It's like mathematics. Anything is possible if you can get the equations to work out in the favor of your suppositions.
Here's a statement. Tell me what you think of it:
���"Only your friends can take you to your potential.
Only your enemies can take you beyond it." �
I think the little couplet goes to the question of how growth occurs in people. If we grow through opposition, then our enemies force us to grow. Our friends, unless they are bad friends, create safe climates for us where growth may not be the result of the relationship. If life is about growth and our friends don't cause/help us grow, then maybe they are not good friends. So our worst friends and our best enemies contribute to our growth. All others should be avoided -- IF the objective is personal growth.
Is that what you're looking for?
I guess I would add that I'm not sure the statement about taking people beyond their potential is very meaningful. If they get "beyond" their potential, "that beyondness" was already in their potential. If it is not in their potential, they could never get there. So it's kind of like a platitude that says something really cool-sounding, but I'm not sure there's a lot of meat in it.
I know this won't break hearts, but I'll be off-line (vacation) for about a week. I will miss all of you while I'm off (so does this mean that you are good friends, bad enemies, or bad friends or good enemies?).
[This message has been edited by Mr. Dark (edited 06-11-2003).]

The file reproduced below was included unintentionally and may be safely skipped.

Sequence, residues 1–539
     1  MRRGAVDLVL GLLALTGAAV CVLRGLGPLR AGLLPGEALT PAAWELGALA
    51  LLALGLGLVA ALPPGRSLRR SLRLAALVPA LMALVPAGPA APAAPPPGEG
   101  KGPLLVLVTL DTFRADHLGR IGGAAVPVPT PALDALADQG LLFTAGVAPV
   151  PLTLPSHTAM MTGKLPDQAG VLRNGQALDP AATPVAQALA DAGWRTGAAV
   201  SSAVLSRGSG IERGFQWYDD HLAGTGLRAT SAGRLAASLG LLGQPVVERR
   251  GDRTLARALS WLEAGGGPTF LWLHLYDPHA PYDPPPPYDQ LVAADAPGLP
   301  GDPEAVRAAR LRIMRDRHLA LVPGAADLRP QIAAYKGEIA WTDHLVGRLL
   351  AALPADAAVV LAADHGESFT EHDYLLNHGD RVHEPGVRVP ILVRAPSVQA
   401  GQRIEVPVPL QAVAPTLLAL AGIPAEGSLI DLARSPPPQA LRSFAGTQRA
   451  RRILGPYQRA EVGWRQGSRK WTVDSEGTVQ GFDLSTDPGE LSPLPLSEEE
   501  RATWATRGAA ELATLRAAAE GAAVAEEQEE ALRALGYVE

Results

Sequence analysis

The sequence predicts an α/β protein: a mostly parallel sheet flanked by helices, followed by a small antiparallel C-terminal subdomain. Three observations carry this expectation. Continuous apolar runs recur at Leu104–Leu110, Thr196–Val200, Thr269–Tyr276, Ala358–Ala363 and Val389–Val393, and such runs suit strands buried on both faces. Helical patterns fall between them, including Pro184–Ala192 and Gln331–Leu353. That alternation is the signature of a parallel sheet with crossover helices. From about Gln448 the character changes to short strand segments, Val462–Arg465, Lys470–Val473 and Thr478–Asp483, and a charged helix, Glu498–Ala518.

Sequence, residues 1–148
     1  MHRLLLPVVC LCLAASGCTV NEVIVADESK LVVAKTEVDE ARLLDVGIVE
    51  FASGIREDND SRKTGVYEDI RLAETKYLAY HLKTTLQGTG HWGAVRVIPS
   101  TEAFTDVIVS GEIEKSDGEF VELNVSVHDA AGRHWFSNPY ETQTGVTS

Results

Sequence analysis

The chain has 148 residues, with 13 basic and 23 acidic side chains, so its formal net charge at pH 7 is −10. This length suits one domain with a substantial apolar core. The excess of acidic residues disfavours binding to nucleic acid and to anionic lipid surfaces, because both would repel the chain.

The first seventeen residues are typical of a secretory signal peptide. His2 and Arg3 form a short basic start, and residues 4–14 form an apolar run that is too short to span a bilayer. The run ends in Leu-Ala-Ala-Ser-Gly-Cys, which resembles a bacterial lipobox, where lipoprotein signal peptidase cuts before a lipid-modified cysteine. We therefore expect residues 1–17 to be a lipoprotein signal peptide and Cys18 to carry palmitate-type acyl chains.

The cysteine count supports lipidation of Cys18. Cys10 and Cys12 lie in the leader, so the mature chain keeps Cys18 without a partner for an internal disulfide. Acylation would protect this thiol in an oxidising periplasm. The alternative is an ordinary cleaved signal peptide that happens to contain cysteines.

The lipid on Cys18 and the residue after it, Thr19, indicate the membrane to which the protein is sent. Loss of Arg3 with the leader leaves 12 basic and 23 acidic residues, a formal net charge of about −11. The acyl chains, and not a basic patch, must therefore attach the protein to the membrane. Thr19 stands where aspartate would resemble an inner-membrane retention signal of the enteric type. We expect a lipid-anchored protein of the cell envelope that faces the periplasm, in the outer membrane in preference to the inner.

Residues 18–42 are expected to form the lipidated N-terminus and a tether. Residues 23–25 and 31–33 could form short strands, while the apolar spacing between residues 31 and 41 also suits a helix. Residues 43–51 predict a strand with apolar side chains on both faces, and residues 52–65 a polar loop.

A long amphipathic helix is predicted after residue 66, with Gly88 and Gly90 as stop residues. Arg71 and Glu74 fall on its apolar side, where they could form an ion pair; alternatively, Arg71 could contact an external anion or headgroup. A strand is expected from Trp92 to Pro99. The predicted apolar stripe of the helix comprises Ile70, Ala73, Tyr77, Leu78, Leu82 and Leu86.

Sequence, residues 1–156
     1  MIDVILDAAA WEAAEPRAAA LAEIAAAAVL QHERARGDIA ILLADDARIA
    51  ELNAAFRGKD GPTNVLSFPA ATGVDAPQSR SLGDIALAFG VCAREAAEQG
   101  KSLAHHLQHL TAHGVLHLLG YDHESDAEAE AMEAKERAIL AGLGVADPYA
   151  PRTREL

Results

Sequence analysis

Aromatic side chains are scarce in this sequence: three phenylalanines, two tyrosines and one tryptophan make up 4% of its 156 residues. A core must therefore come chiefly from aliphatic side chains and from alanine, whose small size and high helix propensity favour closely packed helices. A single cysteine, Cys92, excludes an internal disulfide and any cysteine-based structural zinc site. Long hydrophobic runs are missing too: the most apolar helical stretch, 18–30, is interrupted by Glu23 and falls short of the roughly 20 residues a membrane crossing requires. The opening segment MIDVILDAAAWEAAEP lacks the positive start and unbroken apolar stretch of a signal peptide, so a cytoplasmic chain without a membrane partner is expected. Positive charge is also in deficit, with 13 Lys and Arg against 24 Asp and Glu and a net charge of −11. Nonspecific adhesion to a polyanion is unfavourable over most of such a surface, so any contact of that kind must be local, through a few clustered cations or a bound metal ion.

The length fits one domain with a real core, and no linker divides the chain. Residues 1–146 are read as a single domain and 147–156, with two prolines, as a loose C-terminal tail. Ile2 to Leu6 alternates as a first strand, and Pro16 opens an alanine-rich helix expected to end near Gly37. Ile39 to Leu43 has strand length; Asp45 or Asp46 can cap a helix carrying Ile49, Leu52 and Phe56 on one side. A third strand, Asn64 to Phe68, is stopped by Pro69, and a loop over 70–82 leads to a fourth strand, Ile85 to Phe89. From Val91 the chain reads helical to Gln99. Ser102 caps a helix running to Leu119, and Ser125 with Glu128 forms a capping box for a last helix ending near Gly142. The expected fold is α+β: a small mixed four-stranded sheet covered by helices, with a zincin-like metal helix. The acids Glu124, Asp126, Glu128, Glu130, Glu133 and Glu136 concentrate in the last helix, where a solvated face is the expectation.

What can you say about this position:
Bible (and all the metaphors stored in it) was written and composed a long long time ago (2000 years approx). So, as they are very old, the things are not quite clear for readers... People became cleverer... and so on. And there is time for a new Book to appear, for a new words to be said, for a new conception to be given to humanity.
And the way Bradbury understand the Bible and the way he accepts christian religion is the only right way: not accepting the details and accepting (and giving to us!!!) the Meaning.
(Example: in Bible, metaphorically, it said that the God is "in heaven" (in sky). After the fact that man was in space, under planet, metaphor became a noncence.... The Meaning was that: "The God is not on earth, not in reach, not in reality". We are older, we need another words. And now remember "The Man")
P. S. Sorry for my English
Bible is closer to 5,000 years old, with the New Testament about 2,000.
You need a good modern translation. There are quite a few of them on the market.... even in Russia...
Truth is truth. Never changes. Scripture describes the character of God has unchangeable. Who He was before He created anything, is the same forever.
Discuss that statement and other at another time. Best wishes on a great vacation.
[This message has been edited by Nard Kordell (edited 06-11-2003).]
With all the discussion of Ray's religious beliefs, perhaps someday Ray will write out some lengthy work of clarifying poetry, or some great and metaphorical proclamation, of his deepest religious convictions. 'THAT' would end all speculations right there! We could contemplate easily his beliefs, laid out for our discovery.